The United States appears to be set to resume full diplomatic relations with Sudan after four years.
The U.S. closed its embassy in Khartoum in 1996 fearing a terrorist assault. Then, in 1998, the U.S. destroyed a pharmaceutical factory in the capital with cruise missiles.
Terrorism wasn’t the only or best reason to break diplomatic relations with Sudan. There was no justification for the illegal bombing of a pharmaceutical plant in Khartoum. And there is every reason not to reopen our embassy in Sudan.
That’s the trouble with Clinton administration foreign policy. It does all the wrong things for all the wrong reasons.
There is one overriding reason not to recognize Sudan’s regime as legitimate: For more than a decade, the government has waged a barbaric war against its own citizens — a war that has resulted in the greatest human rights catastrophe in the world, bar none.
This war on the people has claimed the lives of about 2 million people and created 4 million refugees. The government bears the greatest responsibility for the human toll because it practices the worst forms of religious persecution in the world.
Khartoum attacks civilians, uses famine as a weapon and has revived slavery. Its goal is nothing short of forcing non-Muslims in the south and Nuba Mountains area to abandon their faith and culture.
Even the U.S. State Department, which is about to reopen its embassy, characterizes this war as “forced Islamicization and Arabization.”
“This people have suffered such long agonies at the hands of their would-be national government in Khartoum, that most of the time they feel that the world has turned its back on them; abandoning them to the cruelest and ugliest form of modern slavery and atrocities perpetrated by the state; murder, rape, famine, constant war and a holocaust-type genocide,” explains Bona Malwal, an exiled politician and journalist.
The government bombs churches and hospitals, bulldozes schools, poisons wells, destroys crops and sprays lethal chemicals on populated areas. Refugees are forced to convert to Islam to receive food.
Nothing is beyond the pale for this regime — torture, even crucifixion of Christians, has been widely reported.
Malwal has accurately described this hideous practice. There’s no other name for it. This is genocide.
Yet, that’s a word the U.S. State Department has been reluctant to use. Strange. The Clinton administration threw the word around loosely — very loosely — to achieve its objectives in Kosovo, where there was no evidence of real genocide.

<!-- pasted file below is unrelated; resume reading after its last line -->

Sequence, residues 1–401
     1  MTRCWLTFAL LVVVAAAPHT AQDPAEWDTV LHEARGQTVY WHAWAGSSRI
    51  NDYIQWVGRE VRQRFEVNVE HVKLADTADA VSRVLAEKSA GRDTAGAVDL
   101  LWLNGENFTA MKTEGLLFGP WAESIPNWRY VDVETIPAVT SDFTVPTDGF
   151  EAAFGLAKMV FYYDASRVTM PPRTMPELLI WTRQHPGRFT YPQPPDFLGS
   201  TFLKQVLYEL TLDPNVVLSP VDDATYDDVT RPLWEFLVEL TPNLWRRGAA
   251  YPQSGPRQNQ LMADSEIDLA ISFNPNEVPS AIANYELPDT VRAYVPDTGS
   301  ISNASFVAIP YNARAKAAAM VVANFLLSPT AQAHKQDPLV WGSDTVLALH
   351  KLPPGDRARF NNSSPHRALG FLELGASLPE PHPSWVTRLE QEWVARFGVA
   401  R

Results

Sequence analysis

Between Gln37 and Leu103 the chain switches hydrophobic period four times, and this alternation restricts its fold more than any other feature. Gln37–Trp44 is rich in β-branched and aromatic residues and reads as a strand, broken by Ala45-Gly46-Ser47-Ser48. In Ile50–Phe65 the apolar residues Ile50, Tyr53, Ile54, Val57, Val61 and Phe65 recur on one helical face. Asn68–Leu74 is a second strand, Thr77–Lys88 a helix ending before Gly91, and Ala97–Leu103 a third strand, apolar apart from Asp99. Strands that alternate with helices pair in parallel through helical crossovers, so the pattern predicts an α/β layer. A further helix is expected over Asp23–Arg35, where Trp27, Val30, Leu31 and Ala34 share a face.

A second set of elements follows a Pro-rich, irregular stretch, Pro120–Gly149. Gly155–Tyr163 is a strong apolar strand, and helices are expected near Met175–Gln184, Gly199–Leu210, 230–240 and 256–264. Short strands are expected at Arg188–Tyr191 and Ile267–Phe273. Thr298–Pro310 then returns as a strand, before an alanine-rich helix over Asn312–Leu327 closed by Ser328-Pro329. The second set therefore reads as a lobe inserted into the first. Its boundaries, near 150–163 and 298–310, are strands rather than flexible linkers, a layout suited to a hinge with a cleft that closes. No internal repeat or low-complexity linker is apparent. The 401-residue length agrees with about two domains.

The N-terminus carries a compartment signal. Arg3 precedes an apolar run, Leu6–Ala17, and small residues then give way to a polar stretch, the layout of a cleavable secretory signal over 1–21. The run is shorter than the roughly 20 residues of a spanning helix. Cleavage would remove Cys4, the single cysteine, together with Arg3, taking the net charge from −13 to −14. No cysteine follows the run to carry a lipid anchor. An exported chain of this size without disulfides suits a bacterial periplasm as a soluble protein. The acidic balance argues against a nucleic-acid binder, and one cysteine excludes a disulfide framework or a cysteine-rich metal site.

So how can the U.S. countenance the restoration of diplomatic relations with a regime that is carrying out such policies?
Instead of quietly normalizing relations, the U.S. should be speaking out forcefully against the barbarism. It should expose the United Nations’ duplicitous and collaborative role.
While recognizing the government-sponsored famine in the southern part of the country, the U.N. has yielded to pressure from Khartoum not to send relief. This is just another example of why the U.S. needs to pull out of this international body. The U.S. should encourage the organization of private relief efforts. If the people understood the plight of the victims in Sudan, I believe Americans would give generously.
Notice that in spite of the dire conditions I have described, I do not advocate military intervention by the U.S. Nor do I call for U.N. peacekeepers. Nor do I suggest that the U.S. government should organize relief efforts independently. These are all losing ideas. They are not constitutional. They do not work. We have witnessed it time and time again.
The people of Sudan need to work out their own problems. But the light of day needs to be shined on this crisis. That would be a good start. Humanitarian aid, organized by private groups and individuals, should be permitted. But, most of all, the truth needs to be told. The world needs to understand what is happening in Sudan.
The last thing the U.S. should be doing is restoring diplomatic relations without comment or debate.